The purpose of this review is to evaluate the incidence and management of internal hernias (with or without SBO) after LGBP.
Laparoscopic Roux-en-Y gastric bypass (LGBP) has been shown to be an effective treatment for morbid obesity, both in terms of weight loss and improvement in multiple comorbidities. While the laparoscopic approach offers many advantages to the patient in terms of fewer wound complications, decreased length of hospital stay, and decreased postoperative pain, certain complications of this operation continue to pose difficult clinical problems as the number of procedures performed increases. One such complication is internal hernia through one of the mesenteric defects, which can result in small bowel obstruction, ischemia, or infarction and often requires reoperation.
An internal hernia is defined as a protrusion of intestine through a defect within the peritoneal cavity, as opposed to an external (or incisional) hernia that protrudes through all layers of the abdominal wall. Internal hernias almost always occur through iatrogenic defects created surgically.
Incisional hernias occur at a higher incidence after open gastric bypass (GBP) at a rate of about 20 percent. LGBP has a lower rate of incisional hernias. A recent study by Rosenthal, et al., showed a 0.2-percent rate of port site hernias in 849 patients using blunt-tip trocars at 3,744 port sites. Internal hernias, on the other hand, occur more frequently in LGBP than in the open procedure. This is a significant clinical problem, since internal hernia is the most common cause of small bowel obstruction (SBO) after LGBP. Retrospective reviews have found the incidence of SBO after LGBP to be between 1.8 and 9.7 percent. The incidence of internal hernia after LGBP is between 0.2 and 8.6 percent based on multiple studies.
This incidence is higher than that seen with open GBP, and this is presumably due to decreased adhesion formation after laparoscopic surgery compared to open surgery. The creation of potential space as a result of weight loss may also be a contributing factor in the etiology of internal hernias, which often present in a delayed fashion. In addition, the particular case of pregnancy— with the mass effect of an enlarging uterus—may predispose to this condition, as there have been three case reports in the literature of internal hernia during pregnancy, one of which resulted in intestinal ischemia and fetal demise. Due to the increasing scope of this problem and its potentially devastating consequences, surgeons should have a high clinical suspicion for internal hernia after LGBP.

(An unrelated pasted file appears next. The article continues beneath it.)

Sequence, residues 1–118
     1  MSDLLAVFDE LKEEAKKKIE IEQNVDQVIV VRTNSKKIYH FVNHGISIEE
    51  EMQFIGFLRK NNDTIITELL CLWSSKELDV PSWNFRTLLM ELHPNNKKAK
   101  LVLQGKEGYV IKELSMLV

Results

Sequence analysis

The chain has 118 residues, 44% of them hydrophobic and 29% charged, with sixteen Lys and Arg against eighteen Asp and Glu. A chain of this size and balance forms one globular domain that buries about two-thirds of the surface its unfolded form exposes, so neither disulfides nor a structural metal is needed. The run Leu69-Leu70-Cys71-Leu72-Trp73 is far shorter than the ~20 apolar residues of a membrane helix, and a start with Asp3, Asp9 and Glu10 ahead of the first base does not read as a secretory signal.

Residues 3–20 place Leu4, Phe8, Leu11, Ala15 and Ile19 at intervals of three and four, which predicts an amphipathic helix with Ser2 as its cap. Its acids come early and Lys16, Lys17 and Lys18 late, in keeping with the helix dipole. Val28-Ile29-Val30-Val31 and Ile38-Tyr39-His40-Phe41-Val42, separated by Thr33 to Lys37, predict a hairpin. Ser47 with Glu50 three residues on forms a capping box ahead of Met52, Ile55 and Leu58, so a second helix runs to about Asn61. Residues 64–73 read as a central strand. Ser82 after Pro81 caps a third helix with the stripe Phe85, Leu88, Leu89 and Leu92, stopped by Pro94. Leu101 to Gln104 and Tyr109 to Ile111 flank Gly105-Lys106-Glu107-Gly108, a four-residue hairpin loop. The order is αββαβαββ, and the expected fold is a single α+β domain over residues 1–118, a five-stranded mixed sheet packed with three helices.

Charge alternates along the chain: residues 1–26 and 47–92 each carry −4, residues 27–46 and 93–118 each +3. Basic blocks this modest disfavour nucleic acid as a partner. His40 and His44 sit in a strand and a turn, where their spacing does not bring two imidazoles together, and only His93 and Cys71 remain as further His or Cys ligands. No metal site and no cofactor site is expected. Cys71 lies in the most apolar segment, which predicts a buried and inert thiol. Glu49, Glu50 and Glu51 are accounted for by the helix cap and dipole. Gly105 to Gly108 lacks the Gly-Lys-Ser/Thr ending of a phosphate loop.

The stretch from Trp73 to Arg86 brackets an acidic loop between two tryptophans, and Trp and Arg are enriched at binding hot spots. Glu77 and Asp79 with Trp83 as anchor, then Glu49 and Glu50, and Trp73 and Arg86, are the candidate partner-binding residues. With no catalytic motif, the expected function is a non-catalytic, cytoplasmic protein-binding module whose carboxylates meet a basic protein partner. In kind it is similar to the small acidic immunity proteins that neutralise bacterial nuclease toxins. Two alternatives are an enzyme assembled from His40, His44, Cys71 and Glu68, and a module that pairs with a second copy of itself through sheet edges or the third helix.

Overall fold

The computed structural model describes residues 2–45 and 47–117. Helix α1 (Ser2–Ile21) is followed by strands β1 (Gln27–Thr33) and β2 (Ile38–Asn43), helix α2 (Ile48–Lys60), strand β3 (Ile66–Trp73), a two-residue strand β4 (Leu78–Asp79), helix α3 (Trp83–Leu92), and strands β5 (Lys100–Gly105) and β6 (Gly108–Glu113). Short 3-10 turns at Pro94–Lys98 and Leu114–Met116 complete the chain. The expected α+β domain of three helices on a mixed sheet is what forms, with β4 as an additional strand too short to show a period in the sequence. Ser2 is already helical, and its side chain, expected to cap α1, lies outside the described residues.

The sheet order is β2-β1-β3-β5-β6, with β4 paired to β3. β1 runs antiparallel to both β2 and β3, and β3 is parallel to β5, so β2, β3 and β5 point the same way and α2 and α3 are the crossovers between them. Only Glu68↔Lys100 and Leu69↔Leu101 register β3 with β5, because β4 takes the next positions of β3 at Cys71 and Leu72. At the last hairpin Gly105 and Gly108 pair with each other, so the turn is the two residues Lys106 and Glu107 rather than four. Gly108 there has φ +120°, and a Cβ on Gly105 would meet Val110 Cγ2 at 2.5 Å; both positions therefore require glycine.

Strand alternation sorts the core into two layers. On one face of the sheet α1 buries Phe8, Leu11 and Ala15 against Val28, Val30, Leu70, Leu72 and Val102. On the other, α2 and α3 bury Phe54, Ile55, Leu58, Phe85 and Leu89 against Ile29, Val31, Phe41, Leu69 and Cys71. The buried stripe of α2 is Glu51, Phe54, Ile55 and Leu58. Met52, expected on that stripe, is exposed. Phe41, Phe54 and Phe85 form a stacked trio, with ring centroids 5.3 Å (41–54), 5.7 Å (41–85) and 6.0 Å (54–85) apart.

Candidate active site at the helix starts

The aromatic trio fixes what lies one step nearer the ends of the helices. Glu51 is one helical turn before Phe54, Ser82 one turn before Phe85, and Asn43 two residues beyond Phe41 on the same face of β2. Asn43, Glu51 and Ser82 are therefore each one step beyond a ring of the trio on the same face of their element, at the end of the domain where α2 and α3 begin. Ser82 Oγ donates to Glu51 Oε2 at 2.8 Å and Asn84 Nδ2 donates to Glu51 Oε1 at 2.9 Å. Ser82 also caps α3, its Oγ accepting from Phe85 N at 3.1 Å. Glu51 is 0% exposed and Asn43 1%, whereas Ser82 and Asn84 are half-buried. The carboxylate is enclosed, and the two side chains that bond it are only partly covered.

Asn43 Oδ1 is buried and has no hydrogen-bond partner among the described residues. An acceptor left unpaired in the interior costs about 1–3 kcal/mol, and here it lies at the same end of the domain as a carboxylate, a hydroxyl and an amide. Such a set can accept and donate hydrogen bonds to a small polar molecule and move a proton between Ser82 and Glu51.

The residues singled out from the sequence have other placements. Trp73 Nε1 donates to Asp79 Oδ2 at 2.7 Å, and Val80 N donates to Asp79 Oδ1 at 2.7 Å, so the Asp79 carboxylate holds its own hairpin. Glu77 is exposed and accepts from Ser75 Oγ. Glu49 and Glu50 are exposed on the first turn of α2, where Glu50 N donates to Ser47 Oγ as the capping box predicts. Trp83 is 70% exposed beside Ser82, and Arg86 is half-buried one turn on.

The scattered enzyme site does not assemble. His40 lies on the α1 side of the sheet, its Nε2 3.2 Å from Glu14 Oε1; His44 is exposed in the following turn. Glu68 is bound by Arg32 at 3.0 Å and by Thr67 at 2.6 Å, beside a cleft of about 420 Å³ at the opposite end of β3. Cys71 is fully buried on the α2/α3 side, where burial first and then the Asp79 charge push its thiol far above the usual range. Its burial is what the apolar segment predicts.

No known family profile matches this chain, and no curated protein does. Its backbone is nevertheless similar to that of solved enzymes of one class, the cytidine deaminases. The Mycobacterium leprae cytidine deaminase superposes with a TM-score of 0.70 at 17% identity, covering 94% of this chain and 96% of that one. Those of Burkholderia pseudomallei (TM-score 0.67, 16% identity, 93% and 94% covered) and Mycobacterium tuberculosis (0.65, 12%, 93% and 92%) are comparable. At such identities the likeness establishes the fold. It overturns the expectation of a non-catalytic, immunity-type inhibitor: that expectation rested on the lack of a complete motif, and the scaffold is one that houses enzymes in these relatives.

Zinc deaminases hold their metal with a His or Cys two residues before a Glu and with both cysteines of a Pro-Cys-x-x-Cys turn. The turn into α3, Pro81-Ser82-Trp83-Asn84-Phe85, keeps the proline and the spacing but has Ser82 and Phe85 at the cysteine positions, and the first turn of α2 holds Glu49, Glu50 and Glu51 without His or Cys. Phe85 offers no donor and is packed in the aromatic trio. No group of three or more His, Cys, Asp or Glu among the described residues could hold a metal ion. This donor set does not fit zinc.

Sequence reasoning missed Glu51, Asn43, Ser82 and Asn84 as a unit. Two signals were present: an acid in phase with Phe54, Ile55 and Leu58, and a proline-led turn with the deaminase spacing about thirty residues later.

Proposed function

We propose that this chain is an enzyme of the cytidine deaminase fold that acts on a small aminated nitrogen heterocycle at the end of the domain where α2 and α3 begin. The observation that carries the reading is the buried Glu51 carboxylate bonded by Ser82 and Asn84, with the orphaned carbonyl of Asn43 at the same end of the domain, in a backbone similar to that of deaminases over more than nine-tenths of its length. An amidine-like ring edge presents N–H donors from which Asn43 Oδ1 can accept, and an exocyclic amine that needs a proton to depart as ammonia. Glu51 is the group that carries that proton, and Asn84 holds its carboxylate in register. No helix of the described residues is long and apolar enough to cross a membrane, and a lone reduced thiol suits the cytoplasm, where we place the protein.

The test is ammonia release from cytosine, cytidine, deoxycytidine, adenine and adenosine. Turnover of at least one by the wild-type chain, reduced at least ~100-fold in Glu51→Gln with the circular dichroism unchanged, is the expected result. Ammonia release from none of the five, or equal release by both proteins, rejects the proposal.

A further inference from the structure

An internal hernia can potentially occur through either two or three defects, depending on whether a retrocolic or antecolic technique is used for the Roux limb. Petersen’s defect is defined as the space between the Roux limb and the transverse mesocolon. A defect is also present between the biliopancreatic and Roux limbs at the jejunojejunostomy. If a retrocolic approach is used, a third defect in the transverse mesocolon is created. This is the most common site of internal hernia in most reports, which has prompted many surgeons to adopt an antecolic technique in order to eliminate this defect. Higa’s study of 2,000 patients showed an internal hernia distribution of 67 percent mesocolic, 21 percent jejunal, and 7.5 percent Petersen. However, some centers experience a higher rate of hernia in the jejunal or Petersen’s defects, despite the use of a retrocolic approach.
Patients with internal hernia most commonly present with abdominal pain, and may also have symptoms of small bowel obstruction. The time of presentation varies greatly and may occur within one week of the initial operation or up to three years postoperatively. However, the majority of cases occur between 6 and 24 months postoperative. Radiographic diagnosis of internal hernia presents a challenge since the characteristic findings on computed tomography (CT) scan are often missed.